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Erdogan Confident on ‘New Page’ for Turkey-US Ties | ASHARQ AL-AWSAT English Archive 2005 -2017
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Turkish President Recep Tayyip Erdogan gestures as he gives a speech on April 28, 2017 during the Atlantic Council summit in Istanbul. OZAN KOSE / AFP

Turkish President Recep Tayyip Erdogan said on Friday a “fresh page” in troubled relations between Ankara and Washington can be opened with US President Donald Trump at a meeting next month, as high-level dialogue has intensified since January.

Speaking in Istanbul Friday, Erdogan said he sees “signs that Mr. Trump will exhibit a more decisive stance than the previous administration in terms of combatting terror.”

The summit between Erdogan and Trump in Washington on May 16 will be their first face-to-face encounter as heads of state and a chance to progress a relationship that became mired in a series of disputes under former president Barack Obama.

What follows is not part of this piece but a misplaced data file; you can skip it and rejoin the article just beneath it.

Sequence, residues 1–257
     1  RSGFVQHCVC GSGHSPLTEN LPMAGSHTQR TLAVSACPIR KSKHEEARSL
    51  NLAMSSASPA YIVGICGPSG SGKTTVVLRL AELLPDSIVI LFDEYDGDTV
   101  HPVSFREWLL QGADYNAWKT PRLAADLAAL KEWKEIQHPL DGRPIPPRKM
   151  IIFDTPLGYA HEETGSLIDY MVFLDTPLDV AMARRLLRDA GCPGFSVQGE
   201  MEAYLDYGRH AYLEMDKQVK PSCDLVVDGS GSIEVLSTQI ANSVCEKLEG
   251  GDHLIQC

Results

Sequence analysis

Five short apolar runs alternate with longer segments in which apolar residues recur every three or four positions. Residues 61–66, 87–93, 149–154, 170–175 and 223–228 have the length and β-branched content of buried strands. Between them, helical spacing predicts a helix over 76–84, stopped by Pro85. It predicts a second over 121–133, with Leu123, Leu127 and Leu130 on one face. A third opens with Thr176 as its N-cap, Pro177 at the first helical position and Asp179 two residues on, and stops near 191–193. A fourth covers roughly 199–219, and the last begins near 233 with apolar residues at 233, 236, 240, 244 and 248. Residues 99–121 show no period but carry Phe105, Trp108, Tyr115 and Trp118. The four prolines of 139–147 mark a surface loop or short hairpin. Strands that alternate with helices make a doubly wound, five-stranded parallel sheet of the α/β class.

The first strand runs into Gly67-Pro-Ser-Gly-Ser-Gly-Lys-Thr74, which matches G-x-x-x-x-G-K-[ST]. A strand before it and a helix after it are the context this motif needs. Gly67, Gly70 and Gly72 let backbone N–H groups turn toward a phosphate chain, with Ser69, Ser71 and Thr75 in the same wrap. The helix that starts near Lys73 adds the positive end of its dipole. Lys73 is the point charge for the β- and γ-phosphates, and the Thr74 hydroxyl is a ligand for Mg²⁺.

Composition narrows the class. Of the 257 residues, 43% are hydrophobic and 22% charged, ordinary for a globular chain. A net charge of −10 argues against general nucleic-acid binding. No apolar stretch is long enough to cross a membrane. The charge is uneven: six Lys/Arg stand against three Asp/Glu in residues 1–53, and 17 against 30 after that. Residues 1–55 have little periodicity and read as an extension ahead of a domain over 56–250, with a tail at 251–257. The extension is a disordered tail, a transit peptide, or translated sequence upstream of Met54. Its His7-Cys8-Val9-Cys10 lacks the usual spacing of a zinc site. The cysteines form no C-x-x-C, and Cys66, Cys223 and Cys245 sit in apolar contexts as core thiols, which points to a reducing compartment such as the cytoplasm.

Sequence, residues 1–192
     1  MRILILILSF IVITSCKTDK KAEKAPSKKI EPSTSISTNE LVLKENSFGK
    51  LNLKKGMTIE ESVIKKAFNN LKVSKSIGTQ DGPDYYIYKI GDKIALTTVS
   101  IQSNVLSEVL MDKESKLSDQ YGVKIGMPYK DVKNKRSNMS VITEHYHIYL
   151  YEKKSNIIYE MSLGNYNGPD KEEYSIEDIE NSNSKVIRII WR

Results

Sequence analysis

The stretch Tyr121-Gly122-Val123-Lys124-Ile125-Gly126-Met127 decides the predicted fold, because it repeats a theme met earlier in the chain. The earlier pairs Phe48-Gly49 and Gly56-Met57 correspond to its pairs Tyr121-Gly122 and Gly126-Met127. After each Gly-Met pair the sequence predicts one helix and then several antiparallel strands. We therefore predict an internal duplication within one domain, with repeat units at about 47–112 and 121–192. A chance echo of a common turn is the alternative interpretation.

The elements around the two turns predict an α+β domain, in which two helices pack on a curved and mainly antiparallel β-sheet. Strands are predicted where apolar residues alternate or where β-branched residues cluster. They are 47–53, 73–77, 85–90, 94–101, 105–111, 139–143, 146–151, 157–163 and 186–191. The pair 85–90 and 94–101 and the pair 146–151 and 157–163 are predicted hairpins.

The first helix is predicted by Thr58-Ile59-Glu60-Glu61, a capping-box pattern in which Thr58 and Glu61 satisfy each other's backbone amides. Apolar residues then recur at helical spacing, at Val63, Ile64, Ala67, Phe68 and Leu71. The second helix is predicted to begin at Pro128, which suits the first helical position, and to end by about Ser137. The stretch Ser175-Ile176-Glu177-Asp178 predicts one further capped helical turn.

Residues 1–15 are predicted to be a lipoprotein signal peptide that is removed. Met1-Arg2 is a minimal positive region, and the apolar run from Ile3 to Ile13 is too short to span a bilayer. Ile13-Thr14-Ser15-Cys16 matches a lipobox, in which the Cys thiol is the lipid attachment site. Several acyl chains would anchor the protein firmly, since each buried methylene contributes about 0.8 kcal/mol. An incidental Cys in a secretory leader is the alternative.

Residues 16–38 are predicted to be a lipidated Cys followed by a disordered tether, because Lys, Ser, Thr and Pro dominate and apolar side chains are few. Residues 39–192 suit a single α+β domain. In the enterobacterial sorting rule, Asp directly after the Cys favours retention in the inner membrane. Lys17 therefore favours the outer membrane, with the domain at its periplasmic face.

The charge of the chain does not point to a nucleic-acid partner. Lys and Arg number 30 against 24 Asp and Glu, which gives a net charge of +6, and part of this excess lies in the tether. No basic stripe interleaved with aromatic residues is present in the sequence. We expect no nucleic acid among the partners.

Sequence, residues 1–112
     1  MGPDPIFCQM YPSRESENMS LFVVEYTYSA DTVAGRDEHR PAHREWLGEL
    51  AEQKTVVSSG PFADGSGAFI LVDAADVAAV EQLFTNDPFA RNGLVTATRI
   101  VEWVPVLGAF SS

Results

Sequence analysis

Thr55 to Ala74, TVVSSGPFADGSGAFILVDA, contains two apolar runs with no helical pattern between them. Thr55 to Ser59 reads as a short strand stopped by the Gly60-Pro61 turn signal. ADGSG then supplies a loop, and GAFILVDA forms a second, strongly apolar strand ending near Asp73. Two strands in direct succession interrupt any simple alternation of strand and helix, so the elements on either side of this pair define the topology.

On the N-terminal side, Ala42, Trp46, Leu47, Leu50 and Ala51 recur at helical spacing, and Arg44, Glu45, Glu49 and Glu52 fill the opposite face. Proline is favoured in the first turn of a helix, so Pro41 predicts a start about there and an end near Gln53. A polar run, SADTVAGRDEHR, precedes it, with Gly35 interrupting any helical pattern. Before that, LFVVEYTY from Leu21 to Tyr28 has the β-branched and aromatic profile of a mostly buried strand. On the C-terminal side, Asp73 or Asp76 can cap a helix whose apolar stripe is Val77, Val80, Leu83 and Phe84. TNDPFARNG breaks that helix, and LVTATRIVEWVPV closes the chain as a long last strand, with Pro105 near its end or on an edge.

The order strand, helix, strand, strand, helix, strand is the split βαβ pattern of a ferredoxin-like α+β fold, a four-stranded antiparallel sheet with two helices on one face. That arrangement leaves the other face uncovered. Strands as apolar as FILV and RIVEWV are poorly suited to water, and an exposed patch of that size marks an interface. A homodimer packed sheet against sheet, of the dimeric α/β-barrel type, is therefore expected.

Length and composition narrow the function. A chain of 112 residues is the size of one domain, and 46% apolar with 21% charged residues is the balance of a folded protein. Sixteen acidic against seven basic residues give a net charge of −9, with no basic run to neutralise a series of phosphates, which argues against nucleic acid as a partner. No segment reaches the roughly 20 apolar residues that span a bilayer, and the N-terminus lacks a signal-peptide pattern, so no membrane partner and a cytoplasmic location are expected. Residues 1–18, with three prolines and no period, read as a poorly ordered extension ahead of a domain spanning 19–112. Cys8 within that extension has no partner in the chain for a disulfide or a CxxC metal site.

“There are still sensitive aspects in our bilateral relations that we want to bring to the position we are looking for,” Erdogan told the Atlantic Council Istanbul summit.

“We expect our American friends to better understand the threats our country is facing and to show the solidarity that we need,” he said.

Erdogan repeated his criticism of the US alliance with Syrian Kurdish militias that Turkey deems “terrorists.”

He made clear he expected a turnaround from the Trump administration on the use of the Syrian Kurdish Peoples’ Protection Units (YPG) as the chief US ally on the ground in Syria in the battle against ISIS.

He said giving the Kurds concrete support “is damaging the spirit of alliance and partnership.”

“Now Turkey, the Free Syrian Army, along with the coalition led by America, can clear these 2,500-5,000 terrorists. It’s not difficult for us and we would succeed,” The Turkish president added.

His comments came after Turkey angered the US this week by bombing YPG positions in Syria. There have also been successive clashes between the Turkish army and the YPG over the border in the last days.

Erdogan praised Trump for showing a “more determined” approach than Obama against the regime of Bashar al-Assad after the air strikes this month that followed a suspected chemical attack.

“It was late coming but something that we welcomed,” he said of the US air strikes. “The Assad regime has seen for the first time in six years that there will be no silence to the massacre of innocents.”